Our Passive-Aggressive Overlords

I went down to the Capitol last night for a 6PM hearing on SF2639 – Senator Ron Latz’s bill to punish people accused but not convicted of domestic abuse by confiscating their guns and keeping them confiscated, innocence notwithstanding. 

We started out on a high note; Michael Paymar’s attempt to create a felony trap for law-abiding gun owners in Capitol-complex buildings got turned into a fairly innocuous tweak to the existing notification law.  The law, by the way, dates to 1994, and is utterly obsolete, a relic of a time when law enforcement still kept records on paper files.  The notification law is obsolete and needs to be gutted and tossed entirely – but for now, it’s no big deal.

So I showed up at the Capitol.   As usual, I was among plenty of friends:

The nose count, last I checked, was 70-75 civil rights supporters to about a dozen civil rights opponents.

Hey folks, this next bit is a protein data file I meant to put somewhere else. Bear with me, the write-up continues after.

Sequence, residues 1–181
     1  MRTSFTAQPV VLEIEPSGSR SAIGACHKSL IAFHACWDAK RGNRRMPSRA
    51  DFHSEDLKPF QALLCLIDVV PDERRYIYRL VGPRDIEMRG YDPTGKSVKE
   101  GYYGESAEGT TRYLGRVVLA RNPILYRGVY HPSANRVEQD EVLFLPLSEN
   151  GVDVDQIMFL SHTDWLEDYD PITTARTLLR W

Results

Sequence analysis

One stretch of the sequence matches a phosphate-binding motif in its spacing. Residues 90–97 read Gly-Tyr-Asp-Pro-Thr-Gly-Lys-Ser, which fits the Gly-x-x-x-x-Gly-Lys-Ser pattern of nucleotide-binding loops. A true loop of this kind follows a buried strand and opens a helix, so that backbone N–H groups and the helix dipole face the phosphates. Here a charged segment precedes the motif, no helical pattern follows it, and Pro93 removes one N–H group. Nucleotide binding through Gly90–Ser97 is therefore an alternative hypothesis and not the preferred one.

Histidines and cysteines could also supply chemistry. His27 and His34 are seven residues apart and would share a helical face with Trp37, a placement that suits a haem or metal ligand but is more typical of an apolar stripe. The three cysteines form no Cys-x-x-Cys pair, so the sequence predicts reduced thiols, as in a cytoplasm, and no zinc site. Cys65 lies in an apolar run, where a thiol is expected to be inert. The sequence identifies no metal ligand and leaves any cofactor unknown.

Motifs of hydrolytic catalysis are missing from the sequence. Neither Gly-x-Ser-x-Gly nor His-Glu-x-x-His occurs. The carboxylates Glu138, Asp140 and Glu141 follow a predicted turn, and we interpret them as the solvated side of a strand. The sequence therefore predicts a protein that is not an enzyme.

I did a nose-count; Real Americans outnumbered people there for “Protect MN”, as usual, by a lopsided margin.  

So we waited.  

Strategizing got done…:

GOCRA leaders churning on strategy.

…but for the most part, everyone waited.  And waited some more.

There were several updates from security; they were busy with other bills; they were going to get through a few more and then take a half hour break before getting to 2639.

So we waited some more. 

A few cases of water bottles, courtest of GOCRA, made the rounds. It was warm in there.

GOCRA brought water and granola bars, which theypassed out up and down the line (including to the anti-rights people; I had the singular pleasure of giving water and a granola bar to Rep. Martens).